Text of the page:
IT'S being touted as a world-class gathering place, a lasting legacy of the 1996 Olympic Games, and a project that will give a decaying section of Atlanta a much needed face lift.
This week, construction crews, which have become almost as common as tourists in this southern metropolis, began clearing a 21-acre stretch of abandoned buildings, old warehouses, and weedy parking lots. Over the next 17 months workers will transform this tract of urban blight on Atlanta's western edge into Centennial Olympic Park.
The park will serve as the main gathering spot for the hordes of visitors expected to descend on the city during the summer Olympics.
And city leaders envision it as a catalyst for revitalizing the downtown area, which, like many cities, has seen businesses and retail shops move to the suburbs over the past three decades. This downtown rejuvenation effort is unusual because of its emphasis on green space and its funding from private sources.
''Centennial Olympic Park is a major asset,'' says Leon Eplan, Atlanta's commissioner of planning and development. ''It's very important because it opens up a whole new opportunity for investment.''
The park is one of the largest projects of its kind developed in the urban core of a city in this decade, says Barbara Faga, vice president of the Atlanta office of EDAW Inc., the San Francisco-based firm designing the park.
''I'm not sure cities would even consider doing something like this without a big, massive project such as the Olympics,'' Ms. Faga says. ''There's not enough public money around to build large open spaces.''
Atlanta's $50 million park is being funded with private money. Philanthropic foundations are contributing about $25 million, the Chamber of Commerce is raising about $10 million, and the remaining $15 million will come from the sale of engraved Olympic bricks, placed in the park's walkways and plazas.
Billy Payne, president of the Atlanta Committee for the Olympic Games, hatched the idea for the green space a little more than a year ago. He decided something needed to be done to improve the area that abuts many of the Olympic venues.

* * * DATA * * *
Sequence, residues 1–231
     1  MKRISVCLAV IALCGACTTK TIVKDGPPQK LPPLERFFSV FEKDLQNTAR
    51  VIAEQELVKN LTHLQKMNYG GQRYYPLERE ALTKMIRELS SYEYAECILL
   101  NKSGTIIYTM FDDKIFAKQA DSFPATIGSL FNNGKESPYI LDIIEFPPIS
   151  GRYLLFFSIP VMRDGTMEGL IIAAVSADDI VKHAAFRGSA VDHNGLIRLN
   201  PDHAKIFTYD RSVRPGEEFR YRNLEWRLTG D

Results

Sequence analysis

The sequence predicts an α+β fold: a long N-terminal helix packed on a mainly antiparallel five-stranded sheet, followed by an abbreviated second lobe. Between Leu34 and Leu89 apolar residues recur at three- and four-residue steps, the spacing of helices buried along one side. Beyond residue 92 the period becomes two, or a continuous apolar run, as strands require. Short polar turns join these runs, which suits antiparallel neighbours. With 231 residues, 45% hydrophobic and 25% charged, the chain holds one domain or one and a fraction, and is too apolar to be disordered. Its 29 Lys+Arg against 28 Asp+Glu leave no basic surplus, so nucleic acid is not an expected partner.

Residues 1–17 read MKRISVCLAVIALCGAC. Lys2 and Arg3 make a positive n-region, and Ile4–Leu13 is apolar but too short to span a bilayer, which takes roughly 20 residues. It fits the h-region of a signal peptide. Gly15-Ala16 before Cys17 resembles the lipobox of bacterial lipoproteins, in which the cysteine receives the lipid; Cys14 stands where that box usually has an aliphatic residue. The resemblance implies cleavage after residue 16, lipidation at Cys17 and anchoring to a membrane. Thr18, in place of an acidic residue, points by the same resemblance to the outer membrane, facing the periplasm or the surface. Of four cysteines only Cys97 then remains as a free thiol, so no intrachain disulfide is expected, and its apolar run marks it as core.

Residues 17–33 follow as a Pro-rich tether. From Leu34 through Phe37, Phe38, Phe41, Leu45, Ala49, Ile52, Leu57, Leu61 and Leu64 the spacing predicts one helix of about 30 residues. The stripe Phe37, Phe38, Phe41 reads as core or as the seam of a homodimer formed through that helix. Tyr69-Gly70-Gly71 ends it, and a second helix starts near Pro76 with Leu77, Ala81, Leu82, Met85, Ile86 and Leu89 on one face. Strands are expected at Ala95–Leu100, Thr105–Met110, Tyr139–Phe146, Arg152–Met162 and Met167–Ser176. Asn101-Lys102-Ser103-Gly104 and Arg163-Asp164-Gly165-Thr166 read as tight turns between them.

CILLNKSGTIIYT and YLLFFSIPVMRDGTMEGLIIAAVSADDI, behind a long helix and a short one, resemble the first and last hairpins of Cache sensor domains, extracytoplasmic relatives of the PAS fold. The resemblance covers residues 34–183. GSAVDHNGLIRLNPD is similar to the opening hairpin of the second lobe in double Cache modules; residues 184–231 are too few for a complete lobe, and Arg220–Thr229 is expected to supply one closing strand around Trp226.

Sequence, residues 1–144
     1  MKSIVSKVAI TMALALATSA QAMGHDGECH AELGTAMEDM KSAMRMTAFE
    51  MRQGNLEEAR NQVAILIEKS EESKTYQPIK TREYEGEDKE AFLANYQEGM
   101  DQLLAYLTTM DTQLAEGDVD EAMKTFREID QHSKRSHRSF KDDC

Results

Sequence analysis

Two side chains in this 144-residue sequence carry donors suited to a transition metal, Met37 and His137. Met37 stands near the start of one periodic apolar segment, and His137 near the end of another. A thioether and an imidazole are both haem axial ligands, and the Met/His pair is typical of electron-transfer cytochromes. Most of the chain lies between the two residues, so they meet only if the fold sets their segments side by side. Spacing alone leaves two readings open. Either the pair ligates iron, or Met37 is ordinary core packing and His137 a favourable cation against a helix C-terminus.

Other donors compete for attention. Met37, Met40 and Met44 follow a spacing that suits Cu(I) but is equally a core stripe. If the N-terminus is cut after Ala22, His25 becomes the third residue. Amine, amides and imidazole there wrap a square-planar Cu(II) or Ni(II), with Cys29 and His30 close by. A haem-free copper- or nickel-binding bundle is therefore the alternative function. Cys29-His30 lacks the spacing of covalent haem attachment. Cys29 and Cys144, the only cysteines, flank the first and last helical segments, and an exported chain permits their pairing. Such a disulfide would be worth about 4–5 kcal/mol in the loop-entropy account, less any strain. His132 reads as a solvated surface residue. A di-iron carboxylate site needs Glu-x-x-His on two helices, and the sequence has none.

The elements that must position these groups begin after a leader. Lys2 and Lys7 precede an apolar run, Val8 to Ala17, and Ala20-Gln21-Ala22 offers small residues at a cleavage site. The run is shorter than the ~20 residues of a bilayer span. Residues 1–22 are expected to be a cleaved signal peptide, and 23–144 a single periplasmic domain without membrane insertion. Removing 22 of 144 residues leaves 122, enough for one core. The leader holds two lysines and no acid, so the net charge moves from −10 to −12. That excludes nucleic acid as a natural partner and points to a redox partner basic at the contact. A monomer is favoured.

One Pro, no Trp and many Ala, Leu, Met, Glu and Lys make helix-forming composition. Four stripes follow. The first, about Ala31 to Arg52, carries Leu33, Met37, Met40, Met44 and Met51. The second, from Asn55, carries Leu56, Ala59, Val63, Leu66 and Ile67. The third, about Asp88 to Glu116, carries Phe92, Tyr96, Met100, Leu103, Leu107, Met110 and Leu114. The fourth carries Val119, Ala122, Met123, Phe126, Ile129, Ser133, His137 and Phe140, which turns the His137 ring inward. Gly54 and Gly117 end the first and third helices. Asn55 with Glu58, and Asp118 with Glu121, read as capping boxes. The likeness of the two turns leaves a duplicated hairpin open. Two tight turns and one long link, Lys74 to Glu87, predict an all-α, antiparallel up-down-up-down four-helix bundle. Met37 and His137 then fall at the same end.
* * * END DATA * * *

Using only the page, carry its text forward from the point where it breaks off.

Mr. Payne went to work to get the backing of the city's powerbrokers, such as Roberto Goizueta, Coca-Cola Co.'s chairman and chief executive officer. Gov. Zell Miller (D), as well as local politicians and business leaders, also endorsed the plan.
So far, about 90 percent of the property has been acquired. Many of the businesses now operating on the site will relocate to other areas of downtown. But not all property owners are happy with the plan. Several are upset at being forced to move. Homeless people in the area have also expressed concern at being displaced, although there are efforts to find them new beds.
Jeffrey Rosensweig, an economics professor at Emory University here, says the creation of the park is critical to making Atlanta's Games successful. Compared with Barcelona, the city that hosted the 1992 summer Games, Atlanta doesn't have enough public spaces to accommodate Olympic revelers, Mr. Rosensweig says. ''Barcelona had all those wonderful spaces where people could get together in a plaza and just feel part of the celebration.''
The park, which will back up to the CNN Center and is almost in Coca-Cola's backyard, will be an oasis of trees, fountains, and walkways in a city whose downtown has a dearth of urban green space. After the Olympics, city leaders hope to develop the streets around the park with housing and retail shops.
There is already much interest among residential and commercial developers, says Dan Graveline, executive director of the Georgia World Congress Center Authority, the state agency overseeing the park's development.
Says Barry Tindall, public policy director for the National Recreation and Park Association: ''Public recreation space is often the vehicle through which renewed economic development can occur. The history of that [succeeding] is actually pretty good.''